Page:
authenticate tape recording with conversation on it by any method that produces

evidence sufficient to support basic findings of identification and authentication). Here,

the trial court had both spoken to Otis in court and listened to the recording of the 911

call before it made the ruling on the recording's authenticity. The trial court was,

therefore, in the best position to determine if Otis' voice matched that on the recording

and to require any additional necessary authenticating evidence. Other factors,

7 ER 901 provides non-exclusive examples of information that may be considered by the trial
court in determining whether a prima facie showing of authenticity is made, including "[a]ppearance,
contents, substance, internal patterns or other distinctive characteristics, taken in conjunction with
circumstances," ER 901(b)(4), and "[i]dentification of a voice . . . by opinion based upon hearing the
voice at any time under circumstances connecting it with the alleged speaker." ER 901(b)(5).

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No. 56461-7-I / 13

including the recital of Otis' address by the 911 caller, the fact that Otis admitted calling

911 when questioned by the court, and the fact that the events recounted by the caller

were consistent with those testified to by Johnson, all support the trial court's decision

as to authenticity.

Williams also takes issue with the fact that information about the making of the

recording was contained on a label affixed to the front of the CD containing the

recording rather than in a spoken preamble at the beginning of the recording. While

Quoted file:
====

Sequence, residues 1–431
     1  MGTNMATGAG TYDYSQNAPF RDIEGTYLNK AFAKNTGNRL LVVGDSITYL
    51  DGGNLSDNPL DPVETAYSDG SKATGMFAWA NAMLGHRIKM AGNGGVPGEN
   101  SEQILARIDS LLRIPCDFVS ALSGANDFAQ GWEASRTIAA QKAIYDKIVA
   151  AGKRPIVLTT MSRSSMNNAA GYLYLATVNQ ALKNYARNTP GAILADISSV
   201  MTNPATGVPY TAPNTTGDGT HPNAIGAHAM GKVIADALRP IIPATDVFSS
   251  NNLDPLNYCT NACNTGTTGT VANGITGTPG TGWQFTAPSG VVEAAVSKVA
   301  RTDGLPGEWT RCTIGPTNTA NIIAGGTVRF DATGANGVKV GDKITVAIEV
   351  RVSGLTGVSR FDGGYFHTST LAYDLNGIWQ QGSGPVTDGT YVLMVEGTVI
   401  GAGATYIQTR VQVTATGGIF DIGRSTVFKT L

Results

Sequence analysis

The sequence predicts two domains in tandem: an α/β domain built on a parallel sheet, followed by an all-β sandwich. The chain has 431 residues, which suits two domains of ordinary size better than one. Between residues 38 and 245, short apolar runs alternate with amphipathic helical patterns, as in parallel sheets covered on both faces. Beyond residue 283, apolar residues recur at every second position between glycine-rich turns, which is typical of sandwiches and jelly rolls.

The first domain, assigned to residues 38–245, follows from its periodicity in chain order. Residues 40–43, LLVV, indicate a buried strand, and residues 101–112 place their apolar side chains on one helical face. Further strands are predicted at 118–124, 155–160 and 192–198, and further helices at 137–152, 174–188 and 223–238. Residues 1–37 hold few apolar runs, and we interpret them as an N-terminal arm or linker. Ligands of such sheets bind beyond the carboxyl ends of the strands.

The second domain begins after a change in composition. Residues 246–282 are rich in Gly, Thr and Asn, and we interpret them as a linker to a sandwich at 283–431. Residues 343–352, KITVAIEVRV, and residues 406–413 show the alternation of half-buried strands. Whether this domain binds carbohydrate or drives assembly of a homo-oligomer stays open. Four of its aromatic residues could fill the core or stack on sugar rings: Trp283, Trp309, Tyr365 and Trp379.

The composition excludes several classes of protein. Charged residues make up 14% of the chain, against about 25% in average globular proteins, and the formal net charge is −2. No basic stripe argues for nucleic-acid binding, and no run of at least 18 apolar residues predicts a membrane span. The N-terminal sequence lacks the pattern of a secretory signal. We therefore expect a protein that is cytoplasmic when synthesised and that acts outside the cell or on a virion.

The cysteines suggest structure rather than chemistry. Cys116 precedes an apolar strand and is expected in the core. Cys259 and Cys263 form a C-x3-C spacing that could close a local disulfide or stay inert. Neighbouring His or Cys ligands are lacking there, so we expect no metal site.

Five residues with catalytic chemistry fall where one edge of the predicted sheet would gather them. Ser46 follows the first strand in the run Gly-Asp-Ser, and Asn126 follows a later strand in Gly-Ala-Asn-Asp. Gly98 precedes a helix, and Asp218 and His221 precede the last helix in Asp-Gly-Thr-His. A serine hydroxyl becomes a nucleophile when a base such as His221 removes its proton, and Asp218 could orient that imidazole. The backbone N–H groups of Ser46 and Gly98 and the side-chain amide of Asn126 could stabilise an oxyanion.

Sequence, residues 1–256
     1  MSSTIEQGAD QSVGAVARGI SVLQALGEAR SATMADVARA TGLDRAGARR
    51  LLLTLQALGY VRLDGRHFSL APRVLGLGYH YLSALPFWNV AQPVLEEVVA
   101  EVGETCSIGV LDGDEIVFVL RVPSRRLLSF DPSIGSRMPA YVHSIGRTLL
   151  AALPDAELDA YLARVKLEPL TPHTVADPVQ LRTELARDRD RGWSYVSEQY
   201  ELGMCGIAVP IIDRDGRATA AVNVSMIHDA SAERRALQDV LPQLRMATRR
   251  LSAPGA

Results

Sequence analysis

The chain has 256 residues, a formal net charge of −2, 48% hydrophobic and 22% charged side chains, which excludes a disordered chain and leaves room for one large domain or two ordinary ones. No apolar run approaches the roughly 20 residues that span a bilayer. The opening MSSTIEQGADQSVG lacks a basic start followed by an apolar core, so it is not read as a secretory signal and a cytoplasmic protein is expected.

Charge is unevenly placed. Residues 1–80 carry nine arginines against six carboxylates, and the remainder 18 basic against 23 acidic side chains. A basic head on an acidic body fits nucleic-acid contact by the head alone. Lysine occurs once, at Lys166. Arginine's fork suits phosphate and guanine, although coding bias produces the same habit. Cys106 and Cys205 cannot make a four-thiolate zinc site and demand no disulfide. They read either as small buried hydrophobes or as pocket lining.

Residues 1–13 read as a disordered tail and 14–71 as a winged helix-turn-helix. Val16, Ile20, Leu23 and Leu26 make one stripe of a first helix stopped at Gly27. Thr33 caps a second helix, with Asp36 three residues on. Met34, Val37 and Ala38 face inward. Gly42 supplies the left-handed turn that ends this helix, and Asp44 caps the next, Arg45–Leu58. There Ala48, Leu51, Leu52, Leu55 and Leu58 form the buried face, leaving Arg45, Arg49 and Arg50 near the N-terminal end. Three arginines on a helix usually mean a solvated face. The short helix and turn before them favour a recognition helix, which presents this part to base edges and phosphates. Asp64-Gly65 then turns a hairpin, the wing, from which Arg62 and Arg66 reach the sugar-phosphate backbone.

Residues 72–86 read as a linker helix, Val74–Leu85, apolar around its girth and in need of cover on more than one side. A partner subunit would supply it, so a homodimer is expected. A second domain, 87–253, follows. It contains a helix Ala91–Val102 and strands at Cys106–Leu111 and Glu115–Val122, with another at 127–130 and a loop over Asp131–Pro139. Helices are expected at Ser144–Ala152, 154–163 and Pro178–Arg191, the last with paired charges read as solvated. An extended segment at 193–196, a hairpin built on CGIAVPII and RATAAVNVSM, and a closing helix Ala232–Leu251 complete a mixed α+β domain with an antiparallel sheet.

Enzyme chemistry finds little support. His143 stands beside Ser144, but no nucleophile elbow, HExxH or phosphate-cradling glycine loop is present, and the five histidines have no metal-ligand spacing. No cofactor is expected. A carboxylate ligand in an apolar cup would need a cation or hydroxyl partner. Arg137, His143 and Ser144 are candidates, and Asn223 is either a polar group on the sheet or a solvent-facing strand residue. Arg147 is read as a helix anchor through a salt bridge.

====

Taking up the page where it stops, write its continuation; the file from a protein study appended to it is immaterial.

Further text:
the inclusion of such information on a label rather than within a spoken preamble

appears to be a break from prior practice, there is no indication that any less

information was conveyed by the label than would have been conveyed by a spoken

preamble. Similarly, no explanation was offered to the trial court as to why either

method of conveying the information would be more or less reliable than the other.

Thus, it was within the trial court's discretion to consider the information on the label in

determining that the recording was properly authenticated.

The trial court did not abuse its discretion in ruling that the recording of the 911

call was properly authenticated.

2. Confrontation Clause

Williams next contends that the admission of the 911 call recording violated his

rights under the confrontation clause of the Sixth Amendment, which guarantees

criminal defendants the right to be confronted with the witnesses against them. U.S.

Const. amend. VI. Accordingly, a testimonial statement of a witness absent from trial is
properly admitted only where (1) the declarant is unavailable8 and (2) the defendant

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No. 56461-7-I / 14